THE PIXAR STORY
Have you dreamt, as you pursue your animation career, that one day you would become an entrepreneur? Probably have a studio-be it animation or design, of your own? Sounds too impossible right? Despite the fact that almost all of us know that Animation is the in thing today, most of us hesitate when it comes to thinking out of the box in setting up our own studios. As students pursuing either a degree or diploma or even a certificate course, we would be quite content to land a job upon completion of our chosen course. Some of us wouldn’t mind burning the midnight oil and work under somebody or in studios as long as our basic necessities are met. But how many of us would come out of the comfort zone and decide to go ahead to start something of our own from scratch? Three inspiring examples of ‘individuals who dared’ is described here not only to inspire you but also to serve as case studies for budding and aspiring animators’.
A leading name that one can associate with animation is PIXAR studios. Does it sound new to you? Few weeks back, ‘The Good Dinosaur’ released to packed houses all over! For those caught up in the distant past Toy Story, Ratatouille would be enough to jog your memory about movies that this versatile studio has produced over the years. But if they are able to consistently rake over US$ 5 billion at the box office, there must be some secret that they have been using all these years. To know about this, we need to travel back to the early 1980’s when Edwin Earl ‘Ed’ Catmull along with George Lucas decided to incorporate what we know today as PIXAR studios. Right from his childhood days, Catmull was keen on animation and wanted to be the next Walt Disney as he regarded him as one of his childhood heroes. This was the same sentiment that John Lasseter, the CEO of PIXAR had during his interactions with Catmull and Lucas.
At this juncture, one would have to mention the name of Steve as he along with Catmull and Lucas is credited for the inception of PIXAR. All these three were smart enough to understand what it took to be creative. Even if they felt that they were not ‘smart’ enough, they did not mind, as Catmull believed, “Don’t be afraid to hire people who are smarter than you”. But to make everyone ‘rise up to the occasion’, Lasseter made a policy wherein everyone associated with the company-be it a janitor, domestic or manager-they had to learn to DRAW! By this, the work load on the animators drastically reduced. Lasseter’s policy also ensured that the story board artists and the animators learn beyond what was expected of their trade. For instance, all those who were associated with the 2003 hit ‘Finding Nemo’ were trained in scuba diving! Almost four years later when Ratatouille was being planned, the crew were made to master their culinary skills!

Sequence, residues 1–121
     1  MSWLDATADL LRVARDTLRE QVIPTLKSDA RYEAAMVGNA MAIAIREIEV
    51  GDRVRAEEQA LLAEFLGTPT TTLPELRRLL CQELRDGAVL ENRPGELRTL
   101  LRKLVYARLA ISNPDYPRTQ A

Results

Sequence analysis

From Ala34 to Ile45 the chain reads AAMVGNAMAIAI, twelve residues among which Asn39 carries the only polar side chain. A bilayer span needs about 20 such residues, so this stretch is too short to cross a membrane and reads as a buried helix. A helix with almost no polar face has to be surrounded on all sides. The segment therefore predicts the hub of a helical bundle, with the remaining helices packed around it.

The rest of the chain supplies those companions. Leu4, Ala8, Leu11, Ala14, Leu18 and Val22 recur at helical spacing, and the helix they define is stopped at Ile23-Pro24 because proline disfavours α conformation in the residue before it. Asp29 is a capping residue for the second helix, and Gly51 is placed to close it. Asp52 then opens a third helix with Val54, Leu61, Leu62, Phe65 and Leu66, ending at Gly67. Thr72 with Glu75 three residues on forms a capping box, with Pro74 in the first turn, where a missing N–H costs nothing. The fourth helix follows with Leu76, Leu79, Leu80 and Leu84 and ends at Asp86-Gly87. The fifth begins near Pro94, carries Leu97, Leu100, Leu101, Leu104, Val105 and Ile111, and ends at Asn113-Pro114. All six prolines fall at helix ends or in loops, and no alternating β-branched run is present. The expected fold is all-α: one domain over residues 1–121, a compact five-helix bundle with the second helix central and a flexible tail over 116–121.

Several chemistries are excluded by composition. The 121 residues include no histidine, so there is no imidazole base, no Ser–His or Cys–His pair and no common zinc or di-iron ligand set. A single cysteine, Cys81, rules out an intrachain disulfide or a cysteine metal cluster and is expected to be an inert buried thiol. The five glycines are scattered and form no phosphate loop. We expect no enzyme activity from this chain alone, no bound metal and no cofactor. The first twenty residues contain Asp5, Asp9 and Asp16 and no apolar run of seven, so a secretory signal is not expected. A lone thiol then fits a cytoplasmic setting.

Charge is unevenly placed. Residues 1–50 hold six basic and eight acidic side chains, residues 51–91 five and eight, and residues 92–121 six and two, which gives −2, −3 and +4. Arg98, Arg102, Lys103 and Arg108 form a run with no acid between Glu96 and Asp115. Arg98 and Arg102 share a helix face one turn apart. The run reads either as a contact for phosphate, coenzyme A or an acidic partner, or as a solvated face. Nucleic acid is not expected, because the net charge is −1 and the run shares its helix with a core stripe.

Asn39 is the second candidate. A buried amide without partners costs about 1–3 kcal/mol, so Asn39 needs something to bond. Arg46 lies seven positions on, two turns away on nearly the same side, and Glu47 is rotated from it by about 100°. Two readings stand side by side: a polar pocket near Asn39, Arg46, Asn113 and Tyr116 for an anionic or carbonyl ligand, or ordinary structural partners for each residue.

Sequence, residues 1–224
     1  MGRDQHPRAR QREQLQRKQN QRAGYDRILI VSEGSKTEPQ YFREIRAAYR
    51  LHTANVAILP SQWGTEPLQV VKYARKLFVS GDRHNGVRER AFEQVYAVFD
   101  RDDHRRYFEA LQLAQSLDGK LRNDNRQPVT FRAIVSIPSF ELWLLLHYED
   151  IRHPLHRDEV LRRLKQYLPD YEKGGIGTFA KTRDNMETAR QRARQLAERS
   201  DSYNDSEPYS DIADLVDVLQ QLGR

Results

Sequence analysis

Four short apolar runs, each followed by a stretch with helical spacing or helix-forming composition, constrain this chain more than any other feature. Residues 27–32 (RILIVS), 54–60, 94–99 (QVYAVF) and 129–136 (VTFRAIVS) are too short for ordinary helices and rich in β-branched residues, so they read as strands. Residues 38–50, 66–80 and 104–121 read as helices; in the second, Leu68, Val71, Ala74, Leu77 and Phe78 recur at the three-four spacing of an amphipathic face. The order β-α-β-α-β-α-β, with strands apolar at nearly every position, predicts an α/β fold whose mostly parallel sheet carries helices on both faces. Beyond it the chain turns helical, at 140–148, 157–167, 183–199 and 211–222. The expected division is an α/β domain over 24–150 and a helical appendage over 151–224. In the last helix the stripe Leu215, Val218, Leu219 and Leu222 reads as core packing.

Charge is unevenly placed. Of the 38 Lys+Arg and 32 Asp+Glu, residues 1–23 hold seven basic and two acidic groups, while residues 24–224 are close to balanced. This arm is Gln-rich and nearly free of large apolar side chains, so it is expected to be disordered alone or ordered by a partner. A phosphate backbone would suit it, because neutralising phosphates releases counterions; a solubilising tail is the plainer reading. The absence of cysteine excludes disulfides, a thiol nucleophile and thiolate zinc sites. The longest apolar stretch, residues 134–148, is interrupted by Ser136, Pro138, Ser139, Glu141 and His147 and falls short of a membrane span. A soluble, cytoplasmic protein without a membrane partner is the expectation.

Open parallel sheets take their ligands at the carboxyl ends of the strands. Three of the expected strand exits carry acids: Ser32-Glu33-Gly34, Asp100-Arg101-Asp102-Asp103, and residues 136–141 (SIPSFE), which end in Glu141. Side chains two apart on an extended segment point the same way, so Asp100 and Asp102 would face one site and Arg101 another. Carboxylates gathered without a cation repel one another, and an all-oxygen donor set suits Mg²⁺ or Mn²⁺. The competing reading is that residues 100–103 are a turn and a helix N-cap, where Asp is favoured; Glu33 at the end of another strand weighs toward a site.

Despite all the success that PIXAR has managed to get over the years, the journey has not been entirely smooth. Failures have been a part of the learning curve and have been taken in stride so that the mistakes don’t get repeated in forthcoming movies. Surely all of us must have enjoyed the 2010 release Toy Story 2. But do you know that it underwent massive rewrites and drawings? This is because PIXAR firmly believes that if something is not working right, it is better to abandon it completely and start afresh. Also, the management believes in taking chances to make films that are not only good, but also are liked by the masses.
Though PIXAR was bought over by DISNEY STUDIOS in 2007, there were many changes that happened at the senior management level. Catmull was made to head Disney Animation whereas Lasseter became the Chief Creative Officer. Jobs had exited from PIXAR to found Apple Inc. Yet his role in making PIXAR a multi-billion dollar enterprise is acknowledged till to this day. In conclusion, the secret of PIXAR being able to succeed has been attributed to just five secrets! These were revealed by Oren Jacob who served as the CTO for close to two and half decades. Jacob joined PIXAR when it barely had 50 on roll. The employee strength had multiplied 30 times when he left!
According to him, the secrets are:
- When it sucks, say so.
- Defend your opinion, then hit play quickly.
- Look upstream for the source of the problem.
- Match the medium to the message.
- Hire for excellence.
Animaster Academy expresses utmost appreciation to the alumni of this animation college who have shared their knowledge and experience to garner this review to the readers.
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